Three-dimensional scanners for soft-tissue facial assessment in clinical practice

Published:August 24, 2020DOI:



      The quantitative assessment of facial appearance and function is critical in the process of restoring normality and thus minimising morbidity in patients with facial deformities. Three-dimensional (3D) scanners have increasingly been applied in clinical settings to circumvent the issues associated with standard approaches, namely, subjectivity. This study aimed to summarise the current literature on the accuracy, reliability, and usability of 3D scanning technologies for soft-tissue facial assessment.


      Medline, EMBASE, and Web of Science were searched for studies assessing the accuracy, reliability, and/or clinical usability of 3D scanners in assessing facial morphology. All results were filtered by title, abstract, and finally by full text for relevance.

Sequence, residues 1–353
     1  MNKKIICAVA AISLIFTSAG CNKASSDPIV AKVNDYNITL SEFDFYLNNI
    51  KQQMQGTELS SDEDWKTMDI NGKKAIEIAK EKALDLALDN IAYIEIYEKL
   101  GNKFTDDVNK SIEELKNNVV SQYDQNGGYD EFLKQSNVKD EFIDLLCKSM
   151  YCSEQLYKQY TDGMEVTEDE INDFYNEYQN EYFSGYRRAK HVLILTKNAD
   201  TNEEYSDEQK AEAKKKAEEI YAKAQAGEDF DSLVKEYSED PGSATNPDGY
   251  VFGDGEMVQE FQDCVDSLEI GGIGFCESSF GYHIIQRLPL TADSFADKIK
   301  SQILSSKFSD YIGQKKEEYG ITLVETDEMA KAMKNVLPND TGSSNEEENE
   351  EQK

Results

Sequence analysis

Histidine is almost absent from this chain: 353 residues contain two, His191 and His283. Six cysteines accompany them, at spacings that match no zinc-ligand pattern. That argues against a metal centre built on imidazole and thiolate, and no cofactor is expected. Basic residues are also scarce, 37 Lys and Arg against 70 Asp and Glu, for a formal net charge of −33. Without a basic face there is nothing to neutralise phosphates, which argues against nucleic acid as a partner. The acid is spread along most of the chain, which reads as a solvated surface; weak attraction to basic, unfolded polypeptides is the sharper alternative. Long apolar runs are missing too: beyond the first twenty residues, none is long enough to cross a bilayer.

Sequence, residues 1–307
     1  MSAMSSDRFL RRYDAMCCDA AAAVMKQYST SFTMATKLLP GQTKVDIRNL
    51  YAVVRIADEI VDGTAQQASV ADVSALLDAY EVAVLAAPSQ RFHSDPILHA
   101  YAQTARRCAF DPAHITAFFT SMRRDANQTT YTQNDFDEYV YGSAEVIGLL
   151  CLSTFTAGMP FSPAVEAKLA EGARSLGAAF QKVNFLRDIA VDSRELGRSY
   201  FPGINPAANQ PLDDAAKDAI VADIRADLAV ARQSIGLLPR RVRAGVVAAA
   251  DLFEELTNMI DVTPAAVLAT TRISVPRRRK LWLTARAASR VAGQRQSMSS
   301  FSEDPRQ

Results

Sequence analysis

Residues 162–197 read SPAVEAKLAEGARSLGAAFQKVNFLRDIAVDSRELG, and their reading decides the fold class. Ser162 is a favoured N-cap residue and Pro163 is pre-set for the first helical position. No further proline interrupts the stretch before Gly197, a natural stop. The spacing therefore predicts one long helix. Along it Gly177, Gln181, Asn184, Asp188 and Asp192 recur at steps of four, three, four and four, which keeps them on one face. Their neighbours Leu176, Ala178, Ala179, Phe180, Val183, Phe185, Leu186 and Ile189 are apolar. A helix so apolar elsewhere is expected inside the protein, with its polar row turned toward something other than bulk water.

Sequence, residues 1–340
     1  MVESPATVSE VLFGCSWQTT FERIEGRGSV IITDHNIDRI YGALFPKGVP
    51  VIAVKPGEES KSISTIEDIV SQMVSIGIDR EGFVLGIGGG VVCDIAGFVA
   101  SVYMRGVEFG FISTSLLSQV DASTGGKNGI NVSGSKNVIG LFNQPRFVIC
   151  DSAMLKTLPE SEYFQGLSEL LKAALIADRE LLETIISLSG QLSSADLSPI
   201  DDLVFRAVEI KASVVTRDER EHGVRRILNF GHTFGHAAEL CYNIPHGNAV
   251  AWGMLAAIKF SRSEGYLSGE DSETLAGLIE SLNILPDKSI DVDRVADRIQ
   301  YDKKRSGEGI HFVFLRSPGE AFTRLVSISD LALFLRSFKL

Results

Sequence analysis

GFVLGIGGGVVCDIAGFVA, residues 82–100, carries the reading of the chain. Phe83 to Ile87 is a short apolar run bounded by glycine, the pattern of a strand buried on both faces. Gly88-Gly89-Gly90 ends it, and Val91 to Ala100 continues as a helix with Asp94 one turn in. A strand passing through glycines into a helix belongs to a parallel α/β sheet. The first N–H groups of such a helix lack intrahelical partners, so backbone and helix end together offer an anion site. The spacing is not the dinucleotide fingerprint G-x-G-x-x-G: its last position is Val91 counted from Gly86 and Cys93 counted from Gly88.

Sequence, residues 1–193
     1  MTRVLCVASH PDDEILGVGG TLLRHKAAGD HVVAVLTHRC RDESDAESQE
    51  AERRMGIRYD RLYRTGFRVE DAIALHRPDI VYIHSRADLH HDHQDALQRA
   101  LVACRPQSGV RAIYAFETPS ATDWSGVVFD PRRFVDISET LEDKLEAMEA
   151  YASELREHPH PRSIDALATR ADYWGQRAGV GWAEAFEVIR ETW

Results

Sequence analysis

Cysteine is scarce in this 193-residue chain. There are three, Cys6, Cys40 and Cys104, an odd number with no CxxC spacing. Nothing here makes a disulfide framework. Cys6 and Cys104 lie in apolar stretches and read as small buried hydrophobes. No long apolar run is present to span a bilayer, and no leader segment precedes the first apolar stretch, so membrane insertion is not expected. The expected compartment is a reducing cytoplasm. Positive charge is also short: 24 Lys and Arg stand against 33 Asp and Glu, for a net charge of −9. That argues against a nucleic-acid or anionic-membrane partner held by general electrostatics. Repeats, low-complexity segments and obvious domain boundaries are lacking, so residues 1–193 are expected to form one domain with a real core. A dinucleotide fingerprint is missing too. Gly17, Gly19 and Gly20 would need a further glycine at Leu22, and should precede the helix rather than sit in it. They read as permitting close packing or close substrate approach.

Eight hundred and thirty-seven results were filtered down to 41 articles that were included in this review. Articles were categorised depending on the 3D visualising principle of the scanner being tested: laser-based scanning, stereophotogrammetry, structured-light scanning, or RGB-D (red, green, blue-depth) sensors.


      Of the traditional 3D scanners evaluated in the literature, stereophotogrammetric systems most consistently demonstrate excellent accuracy and reliability in the collection of 3D facial scans. Due to their cost, size, and complexity, these systems are often unsuitable for incorporation into clinical environments with limited availability of resources, space, and time. Recently developed RGB-D sensors can collect accurate static and dynamic 3D facial scans without many of these disadvantages. Still, further improvements in their technical specifications and a greater focus on the development of automated facial assessment software is needed before RGB-D sensors can be universally accepted as a new gold-standard for soft-tissue facial assessment.


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